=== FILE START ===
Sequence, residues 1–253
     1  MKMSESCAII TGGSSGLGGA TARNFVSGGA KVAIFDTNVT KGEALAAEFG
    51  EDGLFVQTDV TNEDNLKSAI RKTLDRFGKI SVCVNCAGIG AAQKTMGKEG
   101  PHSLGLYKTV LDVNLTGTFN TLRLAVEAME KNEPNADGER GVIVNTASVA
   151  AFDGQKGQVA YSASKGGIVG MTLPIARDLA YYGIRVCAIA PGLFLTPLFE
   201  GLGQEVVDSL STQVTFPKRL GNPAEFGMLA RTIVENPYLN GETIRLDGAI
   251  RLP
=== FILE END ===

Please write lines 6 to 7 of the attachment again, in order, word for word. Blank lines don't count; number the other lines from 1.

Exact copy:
   201  GLGQEVVDSL STQVTFPKRL GNPAEFGMLA RTIVENPYLN GETIRLDGAI
   251  RLP